The Ill-matched Couple (1532), Lucas Cranach the Elder. Photo: Ana Danielsson

Pettersson says, ‘If you think of the bigger perspective, the collections that were the most important in Europe, starting in the Renaissance, traces of them can be seen here.’ Olausson later amplifies the point: ‘All the new displays are integrated ones and the intention is not to create a fruit salad, or a peach melba, but to see that we have the option to show the different arts together, to create an important historical context. They are not just highlights, but they each have their own history and they are also connected with each other.’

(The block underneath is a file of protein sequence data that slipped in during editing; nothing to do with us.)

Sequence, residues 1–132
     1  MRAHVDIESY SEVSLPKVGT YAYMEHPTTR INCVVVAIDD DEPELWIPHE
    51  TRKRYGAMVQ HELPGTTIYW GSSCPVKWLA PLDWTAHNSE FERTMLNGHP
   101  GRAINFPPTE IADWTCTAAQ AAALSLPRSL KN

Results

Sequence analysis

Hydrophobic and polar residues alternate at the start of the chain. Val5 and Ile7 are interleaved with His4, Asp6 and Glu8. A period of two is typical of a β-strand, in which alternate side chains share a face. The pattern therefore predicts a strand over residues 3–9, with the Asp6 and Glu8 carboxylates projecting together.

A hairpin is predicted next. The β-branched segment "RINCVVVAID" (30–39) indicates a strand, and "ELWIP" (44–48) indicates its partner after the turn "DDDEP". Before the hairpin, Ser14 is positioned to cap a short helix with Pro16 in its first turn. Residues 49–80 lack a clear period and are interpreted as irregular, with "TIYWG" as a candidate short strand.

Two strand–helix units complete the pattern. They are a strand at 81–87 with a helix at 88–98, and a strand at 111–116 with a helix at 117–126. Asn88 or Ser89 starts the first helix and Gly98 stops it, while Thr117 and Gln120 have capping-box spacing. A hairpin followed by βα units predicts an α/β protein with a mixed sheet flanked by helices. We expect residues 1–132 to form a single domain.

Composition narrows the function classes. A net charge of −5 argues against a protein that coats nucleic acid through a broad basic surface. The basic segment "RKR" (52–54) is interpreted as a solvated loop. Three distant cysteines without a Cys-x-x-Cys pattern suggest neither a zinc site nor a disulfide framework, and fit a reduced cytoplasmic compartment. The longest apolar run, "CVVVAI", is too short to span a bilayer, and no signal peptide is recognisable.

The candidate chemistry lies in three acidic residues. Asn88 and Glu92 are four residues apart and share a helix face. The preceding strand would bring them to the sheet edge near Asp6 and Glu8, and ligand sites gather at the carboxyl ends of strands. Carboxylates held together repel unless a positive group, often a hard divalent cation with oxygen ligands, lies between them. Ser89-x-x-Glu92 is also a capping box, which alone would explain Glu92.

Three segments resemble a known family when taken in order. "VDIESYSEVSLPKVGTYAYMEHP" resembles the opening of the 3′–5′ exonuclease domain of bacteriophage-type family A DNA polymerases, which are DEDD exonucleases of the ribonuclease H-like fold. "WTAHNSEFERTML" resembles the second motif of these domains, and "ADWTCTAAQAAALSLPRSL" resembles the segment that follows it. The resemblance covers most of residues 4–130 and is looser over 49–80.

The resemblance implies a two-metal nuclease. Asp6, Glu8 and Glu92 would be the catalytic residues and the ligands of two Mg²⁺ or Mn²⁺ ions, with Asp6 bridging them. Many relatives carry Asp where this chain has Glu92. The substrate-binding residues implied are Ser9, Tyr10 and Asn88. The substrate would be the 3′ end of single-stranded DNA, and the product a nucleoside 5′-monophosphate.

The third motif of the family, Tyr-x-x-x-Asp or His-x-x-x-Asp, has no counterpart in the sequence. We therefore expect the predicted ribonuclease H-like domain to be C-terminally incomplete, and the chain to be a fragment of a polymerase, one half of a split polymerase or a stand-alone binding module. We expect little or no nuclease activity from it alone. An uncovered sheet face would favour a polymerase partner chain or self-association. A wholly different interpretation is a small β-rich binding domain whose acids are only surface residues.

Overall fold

The museum is more than a piecing together of the fragments of princely collections, some of which are also a reminder of Sweden’s one-time role as a major European power. It also has its own story to tell about the rise of the art market and of private collectors – and the circuitous routes by which privately owned works have reached museums. The most important of these private collectors, as far as the Nationalmuseum is concerned, is Carl Gustaf Tessin, the Swedish diplomat, writer and connoisseur who acted as an unofficial ambassador to the court of Versailles between 1739 and 1742. Tessin bought directly from painters such as Chardin and Oudry, as well as through dealers such as Gersaint. The works he commissioned include Boucher’s The Triumph of Venus (1740), a portrait of himself by Jacques-André-Joseph Aved, which depicts him holding a print after Raphael, and another by Oudry of his pet dachshund, Pehr. All three paintings were exhibited at the Paris Salon of 1740. Tessin’s desire to be regarded as one of the pre-eminent collectors of his time – reflected in his pose for Aved – also led him to buy in bulk works that had belonged to a great collector of the generation just before him. When Old Master drawings in the collection of the banker Pierre Crozat came up for auction in 1741 (catalogued by Pierre-Jean Mariette), Tessin bought more than 2,000 of them, including works by Van Dyck, Rubens, Goltzius, and a whole portfolio of Rembrandt drawings. His art-buying habit led him to the brink of personal bankruptcy, which forced him to sell much of his collection, some of which was bought by members of the Swedish royal family and found its way to the Nationalmuseum.